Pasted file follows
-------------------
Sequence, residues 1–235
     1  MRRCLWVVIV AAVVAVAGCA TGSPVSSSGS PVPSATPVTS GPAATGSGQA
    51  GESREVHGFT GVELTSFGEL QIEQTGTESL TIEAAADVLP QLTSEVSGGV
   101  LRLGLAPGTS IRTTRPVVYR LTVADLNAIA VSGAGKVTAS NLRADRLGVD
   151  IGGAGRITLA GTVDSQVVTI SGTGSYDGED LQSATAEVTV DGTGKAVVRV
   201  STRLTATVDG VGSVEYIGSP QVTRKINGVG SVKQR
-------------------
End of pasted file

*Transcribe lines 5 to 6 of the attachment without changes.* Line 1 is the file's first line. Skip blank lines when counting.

   151  IGGAGRITLA GTVDSQVVTI SGTGSYDGED LQSATAEVTV DGTGKAVVRV
   201  STRLTATVDG VGSVEYIGSP QVTRKINGVG SVKQR